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    you might want to try a water stablizer and put it in the hoop, then either pin your quilt block on it after you get it lined up, or spray it with adhesive spray and line it up. embroider then remove most of the stablizer and the rest will come out in the wash. Hope this helps you some.

  9. #9
    Super Member nabobw's Avatar
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    I embroider my quilts a lot. I use different size hoops and love to do the border with a larger hoop 360x200 so I can get a continuous look. I only pin the border edge with striaght pins to keep it lined up in the hoop.

  10. #10
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    Is anyone aware of any good "how to" videos or books on finishing a quilt on an embroidery machine vs FMQ?

  11. #11
    Senior Member Patti25314's Avatar
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    I have the Bernina 580 (considered a baby 830), but I was taught to embroider on the top piece before quilting. If you really want to embroider the whole sandwich, take small bites. Anyway, Ann Peterson on Crafty's site has a great class that might be what you want.

  12. #12
    Power Poster PaperPrincess's Avatar
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    The only time I've been successful is using a Viking endless hoop and just doing the border, or quilting the individual blocks then using a quilt as you go method for joning them after quilting. As far as quilting an entire quilt, I know lots of folks have done it , but I had a hard time trying to keep the machine from bogging down from all the weight.
    "I do not understand how anyone can live without one small place of enchantment to turn to."
    Marjorie Kinnan Rawlings

  13. #13
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    I did a quilt on my Pfaff 7570 some years ago. I only had a 4x4 field so only did on block at a time. The biggest thing for me was to make sure the quilt didn't pull on the frame while it was stitching. I had to make sure that all sides of the quilt hanging off the machine were pushed up next to the machine and on the table otherwise the weight would pull the frame out of alignment.... Other than that I just had to loosen the outside frame because of the thickness of the quilt and I used the plastic cross hatch guide to center the block. If I were using a larger frame I would mark my center spot on each of the blocks. The new frixion pens would work good for this...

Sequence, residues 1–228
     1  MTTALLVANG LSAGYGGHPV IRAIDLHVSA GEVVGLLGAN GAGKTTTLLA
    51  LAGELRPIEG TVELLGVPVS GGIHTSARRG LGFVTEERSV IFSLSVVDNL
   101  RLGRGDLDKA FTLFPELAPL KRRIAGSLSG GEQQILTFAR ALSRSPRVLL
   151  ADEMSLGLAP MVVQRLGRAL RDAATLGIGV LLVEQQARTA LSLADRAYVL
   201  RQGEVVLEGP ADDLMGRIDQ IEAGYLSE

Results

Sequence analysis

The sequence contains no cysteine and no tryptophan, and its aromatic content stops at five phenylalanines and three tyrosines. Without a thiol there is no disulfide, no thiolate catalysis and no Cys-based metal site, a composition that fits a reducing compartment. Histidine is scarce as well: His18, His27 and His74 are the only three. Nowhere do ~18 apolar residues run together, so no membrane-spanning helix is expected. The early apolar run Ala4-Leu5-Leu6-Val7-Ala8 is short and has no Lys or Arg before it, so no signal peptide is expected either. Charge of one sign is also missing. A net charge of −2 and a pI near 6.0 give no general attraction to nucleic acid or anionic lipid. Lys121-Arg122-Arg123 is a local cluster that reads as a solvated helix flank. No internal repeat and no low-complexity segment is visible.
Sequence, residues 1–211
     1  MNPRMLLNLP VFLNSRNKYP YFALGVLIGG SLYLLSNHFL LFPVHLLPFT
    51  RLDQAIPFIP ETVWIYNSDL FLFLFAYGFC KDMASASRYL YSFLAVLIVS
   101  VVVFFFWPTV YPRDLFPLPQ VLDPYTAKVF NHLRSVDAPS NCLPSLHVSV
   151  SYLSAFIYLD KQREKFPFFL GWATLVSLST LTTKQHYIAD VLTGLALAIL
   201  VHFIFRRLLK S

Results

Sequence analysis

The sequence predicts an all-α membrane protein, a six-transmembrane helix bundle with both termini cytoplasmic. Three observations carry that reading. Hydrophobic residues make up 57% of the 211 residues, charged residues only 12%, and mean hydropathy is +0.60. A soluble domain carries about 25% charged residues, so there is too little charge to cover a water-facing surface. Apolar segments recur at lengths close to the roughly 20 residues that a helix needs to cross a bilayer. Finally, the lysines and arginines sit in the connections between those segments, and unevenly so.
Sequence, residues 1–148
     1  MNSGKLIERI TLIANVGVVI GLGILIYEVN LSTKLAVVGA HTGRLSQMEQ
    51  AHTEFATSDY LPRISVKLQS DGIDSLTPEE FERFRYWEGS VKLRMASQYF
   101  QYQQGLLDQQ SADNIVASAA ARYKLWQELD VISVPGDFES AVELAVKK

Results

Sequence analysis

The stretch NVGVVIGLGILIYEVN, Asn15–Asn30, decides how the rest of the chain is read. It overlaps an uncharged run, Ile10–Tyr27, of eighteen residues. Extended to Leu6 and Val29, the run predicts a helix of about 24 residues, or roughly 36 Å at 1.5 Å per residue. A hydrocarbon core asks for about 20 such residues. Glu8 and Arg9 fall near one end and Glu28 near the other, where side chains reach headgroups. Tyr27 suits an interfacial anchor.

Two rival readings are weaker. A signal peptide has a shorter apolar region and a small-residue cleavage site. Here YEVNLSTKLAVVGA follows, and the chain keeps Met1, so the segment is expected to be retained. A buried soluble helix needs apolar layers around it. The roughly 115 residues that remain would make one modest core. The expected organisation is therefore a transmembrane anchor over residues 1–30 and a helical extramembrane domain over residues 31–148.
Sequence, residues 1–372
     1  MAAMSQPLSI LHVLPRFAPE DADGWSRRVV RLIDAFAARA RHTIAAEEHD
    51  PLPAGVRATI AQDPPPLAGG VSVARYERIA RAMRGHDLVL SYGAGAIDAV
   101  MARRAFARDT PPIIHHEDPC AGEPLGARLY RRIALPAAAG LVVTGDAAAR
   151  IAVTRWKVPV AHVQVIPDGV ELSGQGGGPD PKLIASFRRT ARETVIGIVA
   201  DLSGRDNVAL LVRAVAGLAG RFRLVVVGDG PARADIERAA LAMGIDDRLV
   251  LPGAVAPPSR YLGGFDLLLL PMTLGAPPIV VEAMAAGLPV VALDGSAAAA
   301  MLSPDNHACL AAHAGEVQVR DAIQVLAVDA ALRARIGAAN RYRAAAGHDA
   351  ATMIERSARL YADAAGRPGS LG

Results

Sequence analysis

14. #14
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    I have used blue painters tape on the inside hoop (using my biggest hoop) , sticky side up, then hooped a piece of cutaway and cut out a window, leaving just an inch around the outside. I stick the quilt sandwich down to the tape, pin on the edges of the stabilizer and set my design to center. I have never used stabilizer under the design (too much trouble to pick it out or waste washaway) the thickness of the quilt is stable enough. Works very well. You can rehoop about 8 or 10 times before the tape doesn't hold anymore. Never any residue, goes fast, stitch, unpin, re pin, stitch.